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What we learned from WeWork

Brendan Suh

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This post originally appeared in In Real Life, one of our founder’s personal blogs.

WeWork made big headlines last week after its Interim CEO said “substantial doubt exists about the company's ability to continue,” effectively precluding bankruptcy. The stock plunged to near a dime — the company once worth nearly $47B now trades for just a few hundred million.

Most of the press on the topic tied the announcement to the broader decline of the office market (which I’ve written a bit about). So the story goes: WeWork raised big money on big hype, belly-flopped into public markets when internal strife turned to external disillusionment (first with an attempted IPO, then later via SPAC), then faced a double-whammy when COVID hit the office market and people holed themselves up at home.

The story is mostly correct, except for that last part.

As it turns out, while COVID has decimated the office market broadly, the “flexible office” category, which WeWork plays in, is benefiting tremendously from the post-pandemic hybrid work transition.

From Axios:

On the same day WeWork's announcement raised eyebrows, rival IWG (the second largest company in co-working) posted a 48% surge in half-year profits.

Market Reports World puts the size of the [flexible office] market above $14 billion, and forecasts a compound annual growth rate of over 17% until 2028.

The truth about WeWork’s demise is not that they don’t have a stellar product that is much in demand. In fact - it’s never been more in demand.

It’s just that the business is fundamentally screwed by poor financial choices made years ago, choices that cannot be erased. Ten, twenty year leases signed at the peak of the office market. Massive capital expenditure on renovations & build-out, and operational complexity that wasn’t nearly as scalable as investors originally thought (or, avoided thinking about).

So — what did we learn from WeWork?

Why companies lease office space to begin with

Most companies don’t own their office buildings, they lease them. Why is that?

Well, as a business owner, you invariably take on risk. Any number of things could go wrong, and so your job is to control that risk as much as possible. **The way that’s done is that you try to mitigate any risk that is not “core” to your business.

Core business risks may include those that:

  1. Are directly tied to the success of the business (the meat and potatoes of what you sell)
  2. You have a unique advantage in overcoming (the secret sauce that makes your meat and potatoes good)

Core business risks are risks you want to lean into; they are the risks that make the business worth going into. For example, if you run a juice shop and have a killer lemonade recipe, the risk that people don’t like your lemonade is one you’re willing to accept. You believe that recipe is critical to your business success, and you think you are uniquely equipped to beat competitors at it.

But everything else, you want to defer as much as possible.

The risk that one of your employees trips and falls in the shop, the risk you don’t have the cash to meet accounts payable, the risk you get robbed or a giant tornado comes into town and destroys all your equipment.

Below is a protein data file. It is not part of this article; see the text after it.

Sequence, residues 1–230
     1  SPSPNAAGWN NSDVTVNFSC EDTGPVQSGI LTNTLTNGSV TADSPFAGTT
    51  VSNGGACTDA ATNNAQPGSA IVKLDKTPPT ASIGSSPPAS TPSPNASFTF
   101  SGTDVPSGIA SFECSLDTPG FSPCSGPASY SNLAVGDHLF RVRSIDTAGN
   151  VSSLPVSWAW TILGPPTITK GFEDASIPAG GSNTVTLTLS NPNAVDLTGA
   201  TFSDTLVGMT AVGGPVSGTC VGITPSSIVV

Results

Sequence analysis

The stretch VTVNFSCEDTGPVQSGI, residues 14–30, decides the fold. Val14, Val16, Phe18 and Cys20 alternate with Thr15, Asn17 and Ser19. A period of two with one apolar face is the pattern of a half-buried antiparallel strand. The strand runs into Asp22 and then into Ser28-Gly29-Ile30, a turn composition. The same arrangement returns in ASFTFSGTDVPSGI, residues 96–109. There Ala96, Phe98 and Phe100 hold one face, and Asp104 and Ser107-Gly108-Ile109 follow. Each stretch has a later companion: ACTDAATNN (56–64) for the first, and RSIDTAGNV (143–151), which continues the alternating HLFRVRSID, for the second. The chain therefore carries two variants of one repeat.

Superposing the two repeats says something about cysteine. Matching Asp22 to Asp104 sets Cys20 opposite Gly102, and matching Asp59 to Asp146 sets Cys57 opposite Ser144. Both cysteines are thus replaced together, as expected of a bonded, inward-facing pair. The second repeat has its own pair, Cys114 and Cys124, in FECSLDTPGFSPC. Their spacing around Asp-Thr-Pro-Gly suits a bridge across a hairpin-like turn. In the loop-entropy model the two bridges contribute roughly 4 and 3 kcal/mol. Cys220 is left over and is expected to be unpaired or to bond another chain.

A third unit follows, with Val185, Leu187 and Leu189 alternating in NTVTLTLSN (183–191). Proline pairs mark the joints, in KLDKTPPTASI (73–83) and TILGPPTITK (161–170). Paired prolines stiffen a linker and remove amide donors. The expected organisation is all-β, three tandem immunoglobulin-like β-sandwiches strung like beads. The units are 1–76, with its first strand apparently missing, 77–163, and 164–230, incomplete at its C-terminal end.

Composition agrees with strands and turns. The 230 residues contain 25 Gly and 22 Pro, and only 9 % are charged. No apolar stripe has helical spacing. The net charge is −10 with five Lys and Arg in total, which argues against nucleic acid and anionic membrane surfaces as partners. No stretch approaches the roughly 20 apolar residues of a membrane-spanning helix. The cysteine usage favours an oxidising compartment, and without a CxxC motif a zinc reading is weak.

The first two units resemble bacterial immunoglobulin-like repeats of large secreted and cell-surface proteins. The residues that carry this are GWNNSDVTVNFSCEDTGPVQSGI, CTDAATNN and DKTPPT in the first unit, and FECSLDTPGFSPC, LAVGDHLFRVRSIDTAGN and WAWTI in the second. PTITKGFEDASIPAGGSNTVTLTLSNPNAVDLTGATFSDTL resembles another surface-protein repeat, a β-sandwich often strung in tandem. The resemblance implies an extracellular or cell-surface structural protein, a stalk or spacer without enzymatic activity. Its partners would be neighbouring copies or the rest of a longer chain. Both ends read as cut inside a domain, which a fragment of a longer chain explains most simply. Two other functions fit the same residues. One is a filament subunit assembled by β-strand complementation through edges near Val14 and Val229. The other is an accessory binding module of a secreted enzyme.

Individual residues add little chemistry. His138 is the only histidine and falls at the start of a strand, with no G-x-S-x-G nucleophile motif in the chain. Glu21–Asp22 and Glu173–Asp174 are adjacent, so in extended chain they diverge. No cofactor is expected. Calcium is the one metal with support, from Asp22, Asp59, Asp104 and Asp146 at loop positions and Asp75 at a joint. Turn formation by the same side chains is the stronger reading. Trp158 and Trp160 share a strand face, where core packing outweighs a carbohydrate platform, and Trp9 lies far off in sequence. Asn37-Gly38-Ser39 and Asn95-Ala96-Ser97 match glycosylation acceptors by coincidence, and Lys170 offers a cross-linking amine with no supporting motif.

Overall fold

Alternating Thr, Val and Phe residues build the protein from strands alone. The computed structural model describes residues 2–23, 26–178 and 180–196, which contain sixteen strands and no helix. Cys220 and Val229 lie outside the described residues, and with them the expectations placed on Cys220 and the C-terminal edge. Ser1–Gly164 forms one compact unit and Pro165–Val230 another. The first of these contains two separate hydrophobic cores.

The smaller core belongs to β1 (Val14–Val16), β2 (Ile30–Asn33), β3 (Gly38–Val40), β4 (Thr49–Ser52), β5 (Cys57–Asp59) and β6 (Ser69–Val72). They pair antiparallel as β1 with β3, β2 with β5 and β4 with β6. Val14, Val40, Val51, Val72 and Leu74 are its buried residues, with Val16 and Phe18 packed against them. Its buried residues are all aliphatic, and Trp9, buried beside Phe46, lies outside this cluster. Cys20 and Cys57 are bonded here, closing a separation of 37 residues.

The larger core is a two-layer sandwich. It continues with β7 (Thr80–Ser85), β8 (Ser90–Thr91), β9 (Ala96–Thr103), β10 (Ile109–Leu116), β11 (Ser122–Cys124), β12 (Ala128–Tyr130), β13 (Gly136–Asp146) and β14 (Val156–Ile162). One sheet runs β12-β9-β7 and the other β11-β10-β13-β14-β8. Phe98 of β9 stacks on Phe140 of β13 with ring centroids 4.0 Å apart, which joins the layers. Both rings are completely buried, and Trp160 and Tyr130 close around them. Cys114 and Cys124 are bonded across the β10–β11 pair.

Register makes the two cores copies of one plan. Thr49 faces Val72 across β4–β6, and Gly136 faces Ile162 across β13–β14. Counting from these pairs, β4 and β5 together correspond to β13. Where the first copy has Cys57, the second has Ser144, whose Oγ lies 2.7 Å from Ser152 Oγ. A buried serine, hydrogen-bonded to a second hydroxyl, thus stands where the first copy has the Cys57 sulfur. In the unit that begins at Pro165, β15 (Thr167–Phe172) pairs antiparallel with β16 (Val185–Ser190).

For all these risks, third-party vendors provide intermediary protection. Insurance companies, banks, and, yes, landlords.

Because one of those risks is your physical space. Imagine you own your building. The value of your property fluctuates, and sometimes it fluctuates a lot. This fluctuation has nothing to do with your lemonade business — it’s related to macroeconomic factors completely beyond your control.

But, it may affect you. For example, you want to raise some money to expand the business. Investors look at your assets and get concerned about the value of your property and the liability of your monthly mortgage payments. So now, macroeconomic real estate trends are preventing you from expanding your lemonade business. You know nothing about real estate; it’s not related to your business and you have no unique advantage in overcoming this risk.

So, you defer that risk to a third-party landlord.

You lease your space, giving yourself the flexibility to easily leave. Sure, you won’t benefit in the upside of the space appreciating in value, but that’s not the business you’re in, and calculating and measuring that risk is distracting to what you really should be focused on, selling lemonade.

When it comes to office buildings, the story is no different. Office buildings carry tremendous risk. They are heavy assets that go through regular macro-economic boom-and-bust cycles. They change in value for reasons most tenants would have no understanding of. Most companies avoid the risk associated with those cycles and stay focused on what they’re good at.

WeWork and Southwest Airlines

But WeWork came along and said — hey, because we’re going to be here for a while, and the risk of this asset is related to our core business (that is: our product kind of is this space), wouldn’t it make sense for us to take on more of that risk? To bear in the upside and take a little more downside in return?

To do that, they decided to take on extra-long leases that allowed them to negotiate lower rents and more landlord concessions. They were betting on their own product being successful, and because they were a company of many real estate people, they believed they did have a unique advantage in overcoming physical space risks.